Paul Norris explains surf training should reflect an understanding of surf movements and how to perform them with correct joint positions and technique - Surfing.com
Surf training. What is that?
Is it sprinting up the beach and then paddling around the lifeguard tower? Or is it running underwater carrying a large rock? Could it be balancing on an Indo Board in front of the TV while eating a bowl of cereal?
Even though each one of these activities may provide some benefit to your surfing, I wouldn’t exactly define them as “surf training.” It’s not crazy to think this elusive term doesn’t make sense to most, which is fine. Surfing isn’t even considered a mainstream sport, unless you live close to the ocean. However, it just made the roster for the Tokyo Olympics, which will raise its exposure to the world this summer.
When I tell people I train surfers, they automatically think I’m some sort of a coach down at the beach yelling at my athletes with a whistle around my neck. Then I spend the next 15 minutes explaining that I own a gym and we focus on surf-specific training while the person across from me raises their eyebrows with suspicion. It happens ... it happens a lot.
So, let me explain to this fascinating world of exercising for the surf through this new series on Surfing.com. Surfing is a dynamic sport and thus requires a high skill set. Unfortunately, leaning over and grabbing down between your feet will have little carryover to what you might be doing in the water. Sure, it might look cool and fun, but mimicking surf movements doesn’t necessarily qualify as surf training.
Training for sport doesn’t exactly work that way. Please don’t think you’re going to get barreled because you’ve been practicing a bent over squat (pig dog) pose like you’re getting barreled in your bedroom all week. Balancing on stability equipment can make up one piece to the puzzle, but it certainly isn’t the end-all be-all to surf training.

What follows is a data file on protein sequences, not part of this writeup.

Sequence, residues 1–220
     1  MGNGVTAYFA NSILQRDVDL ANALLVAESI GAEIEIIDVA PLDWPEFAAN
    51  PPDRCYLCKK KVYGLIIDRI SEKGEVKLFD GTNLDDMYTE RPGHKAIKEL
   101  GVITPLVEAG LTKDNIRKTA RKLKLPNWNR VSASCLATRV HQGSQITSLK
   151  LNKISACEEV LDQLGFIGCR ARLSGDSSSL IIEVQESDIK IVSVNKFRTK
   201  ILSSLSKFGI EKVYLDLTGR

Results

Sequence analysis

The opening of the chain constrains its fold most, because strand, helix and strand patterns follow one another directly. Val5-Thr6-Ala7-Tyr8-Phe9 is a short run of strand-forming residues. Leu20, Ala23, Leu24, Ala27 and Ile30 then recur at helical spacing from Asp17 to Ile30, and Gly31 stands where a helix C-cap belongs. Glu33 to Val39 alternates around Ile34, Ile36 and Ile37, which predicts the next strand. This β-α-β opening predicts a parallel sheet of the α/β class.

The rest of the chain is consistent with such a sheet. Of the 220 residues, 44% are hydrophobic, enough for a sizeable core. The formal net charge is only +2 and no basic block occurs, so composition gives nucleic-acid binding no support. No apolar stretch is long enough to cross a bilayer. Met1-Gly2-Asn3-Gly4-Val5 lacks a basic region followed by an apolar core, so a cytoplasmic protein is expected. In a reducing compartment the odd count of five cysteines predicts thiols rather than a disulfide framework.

As trainers, we look at the movement requirements and physical demands of surfing and then assess your strengths and weaknesses. From there we build a solid foundation to improve your athletic capabilities that will have a direct influence on your “surf skills” and thus carry over to the water.
Surf training should reflect a basic understanding of the movements we need to surf and how to perform them with correct joint positions and technique. Also, what are each person’s goals? Is it a professional surfer looking to win a world title or even qualify for the tour? Is it the avid surfer who just wants to make the most out of each session or is it the weekend warrior who just wants to stay injury-free?
Whatever the goal is, their training should be designed with a purpose in line with their goals because you can’t truly replicate what our bodies are required to do in the water, but you can strengthen the basic required movements and physical demands of surfing.
In the next part of this series, we’ll look at training for skill and what that involves. Until then, start thinking about your goals and prepare to exceed them.